The fragility of global trade and infrastructure
Date: Monday, January 08 2007
By Alice Friedemann
Science fiction movies used to scare us with out-of-control robots bent on world destruction. If there’s a runaway robot now, it’s global corporations doing what’s best for the shareholder rather than the citizens and nations of the world. Pensions have been looted, health care benefits taken away, taxes avoided, and regulations ignored.
Risks are being taken that could bring down the global financial system.
One of the risks to global trade is due large computer and electronic companies using the same outsourcers for similar components from the same region -- even the same place – such as an industrial park in Hsinchu, Taiwan. The risk is a single source of failure.
Microprocessors are essential to the modern world.
Billions of chips are created every year for a myriad of applications: in autos, airplanes, ATMs, air conditioners, calculators, cameras, cell phones, clocks, DVDs, machine tools, medical equipment, microwave ovens, office and industrial equipment, routers, security systems, thermostats, TVs, VCRs, washing machines – nearly all electrical devices.
So when an earthquake struck Taiwan in 1999, world markets were shaken. Willem Roelandts of Xilinx immediately knew this had the possibility of hurting the world economy. “There is not an electronic product in the world that does not contain a Taiwanese component”, he said.
Even though the factories were fine, electrical and transportation systems weren’t, so production and delivery of components stopped, which caused assembly lines in the United States to halt as well. Wall Street traders sold off electronic firms, especially Dell, HP, and Apple.
You wouldn’t think the United States would build microchip factories offshore in industries that were essential to its national and economic security. But low wages are irresistible to corporations. Also, many foreign countries are closer to sources of natural gas, which is declining at an alarming rate in North America.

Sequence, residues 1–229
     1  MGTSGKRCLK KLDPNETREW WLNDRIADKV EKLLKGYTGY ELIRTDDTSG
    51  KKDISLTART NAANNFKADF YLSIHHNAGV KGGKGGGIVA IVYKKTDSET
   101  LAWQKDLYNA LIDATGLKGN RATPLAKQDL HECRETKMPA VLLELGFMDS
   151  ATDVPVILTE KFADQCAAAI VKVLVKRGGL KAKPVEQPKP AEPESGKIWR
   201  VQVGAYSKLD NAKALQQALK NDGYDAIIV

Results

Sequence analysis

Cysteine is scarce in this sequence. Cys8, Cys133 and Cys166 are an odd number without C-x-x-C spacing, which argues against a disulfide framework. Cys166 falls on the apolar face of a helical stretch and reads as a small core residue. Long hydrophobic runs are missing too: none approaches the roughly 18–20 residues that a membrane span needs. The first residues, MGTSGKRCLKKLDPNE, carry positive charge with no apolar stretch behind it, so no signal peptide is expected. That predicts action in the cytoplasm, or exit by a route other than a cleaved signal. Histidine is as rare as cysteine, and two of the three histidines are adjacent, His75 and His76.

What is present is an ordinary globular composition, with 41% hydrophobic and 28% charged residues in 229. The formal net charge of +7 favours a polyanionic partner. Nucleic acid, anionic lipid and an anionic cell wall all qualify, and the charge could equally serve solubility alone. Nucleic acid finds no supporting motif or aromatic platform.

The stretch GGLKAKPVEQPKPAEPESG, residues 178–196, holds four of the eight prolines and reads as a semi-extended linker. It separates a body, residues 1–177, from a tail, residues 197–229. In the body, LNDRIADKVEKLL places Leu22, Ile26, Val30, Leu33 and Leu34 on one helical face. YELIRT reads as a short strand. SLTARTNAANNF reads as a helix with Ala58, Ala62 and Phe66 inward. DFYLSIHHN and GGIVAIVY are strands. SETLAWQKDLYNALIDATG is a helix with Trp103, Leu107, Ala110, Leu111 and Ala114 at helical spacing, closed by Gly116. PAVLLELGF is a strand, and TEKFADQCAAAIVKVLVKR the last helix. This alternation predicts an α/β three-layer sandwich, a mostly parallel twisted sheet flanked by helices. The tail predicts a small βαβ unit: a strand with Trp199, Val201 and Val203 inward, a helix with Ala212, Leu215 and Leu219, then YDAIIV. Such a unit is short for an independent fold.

According to Jack Gerard, president and CEO of the American Chemistry Council, "Natural gas is a raw material for compounds used in thousands of consumer products — from agriculture, telecommunications and automobiles to pharmaceuticals…and food packaging. More than 96 percent of all manufactured goods are directly touched by chemistry. The industries that rely on chemistry together represent more than a quarter of the nation's entire workforce. Unaffordable natural gas is driving away investment, crippling our manufacturing base, and reducing job opportunities. It is transferring to foreign countries the advanced research and technology desperately needed in order to compete on the world stage. In effect, our nation's energy policy has become its de facto manufacturing and national-security policies as well."
Industries also like to locate factories where environmental regulations are less stringent.
The chemicals used to create computer parts have resulted in 29 superfund sites in Silicon Valley, the most concentrated number of superfund spots in America. At the Advanced Micro Devices superfund site in Sunnyvale, California, chemicals are in the groundwater and soil that can cause death, cancer, brain and central nervous system damage, leukemia, anemia, convulsions, nausea, unconsciousness. The zinc and copper at this site are toxic to plants, ruining what were once some of the best orchards in the world.
The need to go where costs are lowest is driven by the enormous amount of money it takes to build a mega-size wafer fabrication plants -- nearly ten billion dollars.27
Part of this amount is due to very high insurance costs. In 1997, an Hsinchu Taiwan fabrication plant had a fire that caused $421 million dollars in smoke and water damage.
Business interruptions can cost a fabrication plant 20-30 million dollars in lost revenue. For instance, a plant that had a four-hour long electricity outage had to spend the next four days recalibrating their equipment, resulting in a $5 million dollar loss. Insurance companies have responded with huge deductibles and capped the loss amounts.28
As unexpected energy shortages and outages grow more common in the future, this will wreak havoc on microprocessor production.
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[Proofreader's note: this article was edited for spelling and typos on January 10, 2006]